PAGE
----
A flapper (young woman), 1929



  • A young girl usually between the ages of 15 and 18, especially one not "out" socially.
  • A young woman, especially when unconventional or without decorum or displaying daring freedom or boldness; now particularly associated with the 1920s.
  • One who or that which flaps.
  • A young game bird just able to fly, particularly a wild duck.
  • A flipper; a limb of a turtle, which functions as a flipper or paddle when swimming.
  • A flapper valve.
  • The hand.
  • Any injury that results in a loose flap of skin on the fingers, making gripping difficult.


  • Possibly from Victorian sporting slang, meaning young wildfowl in August which are full-sized, tender and worthwhile quarry, but are naive and unable to fly properly due to the late development of flight feathers in ducks and geese. Alternative derivations are also suggested. The word "flap" was slang in the 17th century for a prostitute: by the late 19th century in England "flapper" could mean either a very young prostitute: or a teenage girl too old to be a child and too young to be considered 'out' in society: "A 'flapper', we may explain, is a young lady who has not yet been promoted to long frocks and the wearing of her hair 'up'".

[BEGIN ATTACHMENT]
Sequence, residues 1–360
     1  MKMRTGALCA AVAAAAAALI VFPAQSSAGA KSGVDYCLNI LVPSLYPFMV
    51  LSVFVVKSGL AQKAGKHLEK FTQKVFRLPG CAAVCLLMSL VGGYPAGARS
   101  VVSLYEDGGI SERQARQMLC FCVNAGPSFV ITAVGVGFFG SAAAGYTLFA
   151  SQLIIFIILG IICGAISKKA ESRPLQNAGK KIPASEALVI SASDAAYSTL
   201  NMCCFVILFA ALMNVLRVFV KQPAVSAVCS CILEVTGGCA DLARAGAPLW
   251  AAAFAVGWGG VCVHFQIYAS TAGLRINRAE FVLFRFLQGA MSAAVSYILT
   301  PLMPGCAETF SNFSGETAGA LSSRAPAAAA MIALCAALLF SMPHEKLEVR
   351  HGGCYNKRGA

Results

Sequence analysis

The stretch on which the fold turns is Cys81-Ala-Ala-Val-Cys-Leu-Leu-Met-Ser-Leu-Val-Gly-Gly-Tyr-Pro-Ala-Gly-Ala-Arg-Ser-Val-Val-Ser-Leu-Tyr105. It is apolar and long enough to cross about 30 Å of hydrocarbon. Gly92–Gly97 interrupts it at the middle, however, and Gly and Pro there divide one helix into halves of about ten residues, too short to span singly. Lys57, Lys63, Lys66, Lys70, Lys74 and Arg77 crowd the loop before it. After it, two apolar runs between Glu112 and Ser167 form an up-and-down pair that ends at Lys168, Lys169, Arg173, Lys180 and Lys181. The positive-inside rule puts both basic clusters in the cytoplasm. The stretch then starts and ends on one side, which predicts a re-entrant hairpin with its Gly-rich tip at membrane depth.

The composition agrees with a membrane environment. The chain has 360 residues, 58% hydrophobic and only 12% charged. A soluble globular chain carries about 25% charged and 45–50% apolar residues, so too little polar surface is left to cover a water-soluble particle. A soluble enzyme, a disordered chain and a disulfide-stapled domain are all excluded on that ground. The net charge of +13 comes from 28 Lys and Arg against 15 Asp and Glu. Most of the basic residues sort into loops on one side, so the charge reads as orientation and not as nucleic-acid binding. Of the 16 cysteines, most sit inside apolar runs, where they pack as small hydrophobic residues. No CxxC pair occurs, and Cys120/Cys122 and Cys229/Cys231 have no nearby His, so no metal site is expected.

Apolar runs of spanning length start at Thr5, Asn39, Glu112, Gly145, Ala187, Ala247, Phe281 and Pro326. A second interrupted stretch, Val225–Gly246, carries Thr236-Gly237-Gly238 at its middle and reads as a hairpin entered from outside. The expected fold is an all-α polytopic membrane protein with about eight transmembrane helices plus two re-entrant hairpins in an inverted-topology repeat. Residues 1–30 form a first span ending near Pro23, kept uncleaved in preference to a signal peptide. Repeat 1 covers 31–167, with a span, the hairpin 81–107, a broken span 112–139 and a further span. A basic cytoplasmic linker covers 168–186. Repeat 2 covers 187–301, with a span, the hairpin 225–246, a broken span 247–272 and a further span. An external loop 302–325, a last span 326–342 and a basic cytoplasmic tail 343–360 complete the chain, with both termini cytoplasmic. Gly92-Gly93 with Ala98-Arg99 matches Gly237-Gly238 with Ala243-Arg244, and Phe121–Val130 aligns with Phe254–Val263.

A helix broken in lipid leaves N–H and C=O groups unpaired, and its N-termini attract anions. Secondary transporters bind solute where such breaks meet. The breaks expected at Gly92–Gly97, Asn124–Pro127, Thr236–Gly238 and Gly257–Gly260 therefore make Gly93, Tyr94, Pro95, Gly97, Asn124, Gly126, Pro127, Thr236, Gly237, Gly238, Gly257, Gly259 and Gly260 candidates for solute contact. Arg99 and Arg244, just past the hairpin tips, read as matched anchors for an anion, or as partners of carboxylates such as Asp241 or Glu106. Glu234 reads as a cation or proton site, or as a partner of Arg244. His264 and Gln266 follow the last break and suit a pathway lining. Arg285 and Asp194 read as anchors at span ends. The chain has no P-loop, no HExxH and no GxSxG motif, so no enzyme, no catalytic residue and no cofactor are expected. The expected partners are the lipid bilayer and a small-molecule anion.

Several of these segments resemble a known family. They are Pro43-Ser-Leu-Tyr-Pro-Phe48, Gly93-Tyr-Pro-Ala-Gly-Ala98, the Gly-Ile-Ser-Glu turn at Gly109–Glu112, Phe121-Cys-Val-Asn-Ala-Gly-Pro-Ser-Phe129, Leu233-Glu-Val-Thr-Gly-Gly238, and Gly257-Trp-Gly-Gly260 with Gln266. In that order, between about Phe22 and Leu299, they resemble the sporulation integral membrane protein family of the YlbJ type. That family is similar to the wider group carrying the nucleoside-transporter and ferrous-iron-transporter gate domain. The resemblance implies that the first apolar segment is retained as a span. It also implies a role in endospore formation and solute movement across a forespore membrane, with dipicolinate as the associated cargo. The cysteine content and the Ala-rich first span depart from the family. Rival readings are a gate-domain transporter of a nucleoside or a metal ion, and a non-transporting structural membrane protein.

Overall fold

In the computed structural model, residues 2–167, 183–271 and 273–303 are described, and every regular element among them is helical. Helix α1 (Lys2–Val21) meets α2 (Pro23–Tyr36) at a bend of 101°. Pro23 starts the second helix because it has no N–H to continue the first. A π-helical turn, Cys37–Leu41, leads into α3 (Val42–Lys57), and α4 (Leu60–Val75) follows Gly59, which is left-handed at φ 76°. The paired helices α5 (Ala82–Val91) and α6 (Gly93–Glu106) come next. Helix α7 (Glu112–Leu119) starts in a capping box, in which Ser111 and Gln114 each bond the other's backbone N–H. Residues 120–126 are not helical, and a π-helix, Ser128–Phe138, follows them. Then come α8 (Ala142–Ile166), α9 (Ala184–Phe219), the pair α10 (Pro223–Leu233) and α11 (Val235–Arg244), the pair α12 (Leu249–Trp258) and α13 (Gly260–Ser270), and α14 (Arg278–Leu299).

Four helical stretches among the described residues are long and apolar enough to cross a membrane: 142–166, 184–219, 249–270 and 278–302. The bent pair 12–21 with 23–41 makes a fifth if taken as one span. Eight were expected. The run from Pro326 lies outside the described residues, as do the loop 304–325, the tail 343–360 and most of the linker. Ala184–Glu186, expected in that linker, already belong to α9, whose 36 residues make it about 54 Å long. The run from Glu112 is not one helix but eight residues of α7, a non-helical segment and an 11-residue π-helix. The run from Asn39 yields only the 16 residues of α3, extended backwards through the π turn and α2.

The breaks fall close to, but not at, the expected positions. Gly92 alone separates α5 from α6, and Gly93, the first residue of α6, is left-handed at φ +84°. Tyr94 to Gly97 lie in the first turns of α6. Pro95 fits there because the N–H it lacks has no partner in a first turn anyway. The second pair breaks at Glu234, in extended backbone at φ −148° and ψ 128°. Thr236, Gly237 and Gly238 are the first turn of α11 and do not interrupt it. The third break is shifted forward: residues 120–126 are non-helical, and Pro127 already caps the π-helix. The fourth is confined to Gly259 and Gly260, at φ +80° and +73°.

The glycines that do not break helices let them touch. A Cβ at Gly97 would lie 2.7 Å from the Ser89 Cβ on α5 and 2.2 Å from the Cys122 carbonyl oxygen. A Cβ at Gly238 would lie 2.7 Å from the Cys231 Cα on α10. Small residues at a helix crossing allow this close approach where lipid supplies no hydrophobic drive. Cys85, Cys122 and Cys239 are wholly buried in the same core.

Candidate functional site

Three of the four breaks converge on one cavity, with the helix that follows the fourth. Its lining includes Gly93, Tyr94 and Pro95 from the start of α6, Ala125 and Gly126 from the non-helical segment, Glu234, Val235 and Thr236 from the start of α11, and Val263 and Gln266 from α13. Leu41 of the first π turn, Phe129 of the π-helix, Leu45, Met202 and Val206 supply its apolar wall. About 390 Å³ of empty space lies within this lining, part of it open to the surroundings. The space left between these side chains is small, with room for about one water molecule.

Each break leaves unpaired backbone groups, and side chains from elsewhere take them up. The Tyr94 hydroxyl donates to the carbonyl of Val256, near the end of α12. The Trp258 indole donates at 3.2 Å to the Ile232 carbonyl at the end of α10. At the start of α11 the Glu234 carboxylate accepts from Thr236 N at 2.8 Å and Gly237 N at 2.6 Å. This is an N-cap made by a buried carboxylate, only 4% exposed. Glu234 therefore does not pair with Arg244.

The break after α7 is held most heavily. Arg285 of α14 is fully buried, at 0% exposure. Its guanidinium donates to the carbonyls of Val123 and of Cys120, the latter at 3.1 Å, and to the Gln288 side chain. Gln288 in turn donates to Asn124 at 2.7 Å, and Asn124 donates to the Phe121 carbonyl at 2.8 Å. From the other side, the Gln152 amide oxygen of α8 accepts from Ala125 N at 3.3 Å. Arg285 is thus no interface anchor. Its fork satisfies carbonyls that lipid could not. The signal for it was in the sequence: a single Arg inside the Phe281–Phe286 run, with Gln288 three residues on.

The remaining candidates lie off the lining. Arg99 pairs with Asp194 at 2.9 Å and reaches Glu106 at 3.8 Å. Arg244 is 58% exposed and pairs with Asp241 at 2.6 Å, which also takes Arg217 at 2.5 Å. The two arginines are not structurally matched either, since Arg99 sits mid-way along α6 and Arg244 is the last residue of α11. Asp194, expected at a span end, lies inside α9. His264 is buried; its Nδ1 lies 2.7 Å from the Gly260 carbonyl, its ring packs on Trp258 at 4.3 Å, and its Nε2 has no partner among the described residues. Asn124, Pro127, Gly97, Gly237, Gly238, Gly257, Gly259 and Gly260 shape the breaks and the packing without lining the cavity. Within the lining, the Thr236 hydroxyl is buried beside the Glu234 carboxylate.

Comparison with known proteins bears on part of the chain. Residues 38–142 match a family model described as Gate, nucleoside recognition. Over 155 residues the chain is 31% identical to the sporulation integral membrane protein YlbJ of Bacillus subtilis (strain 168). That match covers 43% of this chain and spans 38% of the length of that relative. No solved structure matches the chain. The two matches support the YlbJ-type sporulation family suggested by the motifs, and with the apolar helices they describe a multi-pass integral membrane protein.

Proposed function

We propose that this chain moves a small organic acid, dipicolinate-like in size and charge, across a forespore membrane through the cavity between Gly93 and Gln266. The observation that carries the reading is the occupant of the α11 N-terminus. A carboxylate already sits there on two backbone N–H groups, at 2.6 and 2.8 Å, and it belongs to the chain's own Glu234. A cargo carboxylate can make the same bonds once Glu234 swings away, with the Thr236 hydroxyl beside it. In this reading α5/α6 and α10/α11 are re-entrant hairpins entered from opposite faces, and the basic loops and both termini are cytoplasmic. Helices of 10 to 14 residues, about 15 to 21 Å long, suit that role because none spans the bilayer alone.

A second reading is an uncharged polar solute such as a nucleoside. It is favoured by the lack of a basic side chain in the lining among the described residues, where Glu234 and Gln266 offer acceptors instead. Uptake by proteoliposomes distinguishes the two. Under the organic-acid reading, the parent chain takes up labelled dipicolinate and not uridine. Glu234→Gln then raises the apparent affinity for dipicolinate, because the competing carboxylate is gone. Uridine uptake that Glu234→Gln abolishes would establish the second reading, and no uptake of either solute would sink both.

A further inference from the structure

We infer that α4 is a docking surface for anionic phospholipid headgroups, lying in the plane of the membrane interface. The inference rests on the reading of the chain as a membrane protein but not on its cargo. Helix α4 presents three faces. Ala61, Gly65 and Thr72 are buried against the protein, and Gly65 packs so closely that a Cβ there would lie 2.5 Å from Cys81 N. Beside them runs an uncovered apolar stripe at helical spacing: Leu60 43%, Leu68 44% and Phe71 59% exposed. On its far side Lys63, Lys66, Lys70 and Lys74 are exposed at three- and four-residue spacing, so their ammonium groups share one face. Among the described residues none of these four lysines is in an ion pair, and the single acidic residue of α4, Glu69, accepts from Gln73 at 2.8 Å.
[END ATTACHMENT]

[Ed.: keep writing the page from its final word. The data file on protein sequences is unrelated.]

• The earliest documented use in the sense of "attractive young girl" is in the 1903 novel Sandford of Merton by Desmond Coke: "There's a stunning flapper.". The word also suggested a spirited girl of unconventional or mischievous disposition. An advertisement in the The Times reads: "The father of a young lady, aged 15 – a typical “FLAPPER” – with all the self assurance of a woman of 30 would be grateful for the recommendation of a seminary (not a convent) where she might be placed for a year or two with the object of taming her."
  • By 1912 the word had apparently both crossed the Atlantic and evolved to mean a slightly older girl: British stage impresario John Tiller defined it for readers of the New York Times as meaning "a girl who has just "come out". She is at an awkward age, neither a child nor a woman...". The word had clearly caught on, as a Mme. Nordica is quoted using it in the New York Times of January 1, 1913: "...a thin little flapper of a girl donning a skirt in which she can hardly take a step, extinguishing all but her little white teeth with a dumpy bucket of a hat..."
  • By 1920 in England it clearly meant any young woman of a pleasure-seeking disposition: a Dr R. Murray-Leslie criticized "the social butterfly type...the frivolous, scantily-clad, jazzing flapper, irresponsible and undisciplined, to whom a dance, a new hat, or a man with a car, were of more importance than the fate of nations."
  • flap + -er

Modern English dictionary

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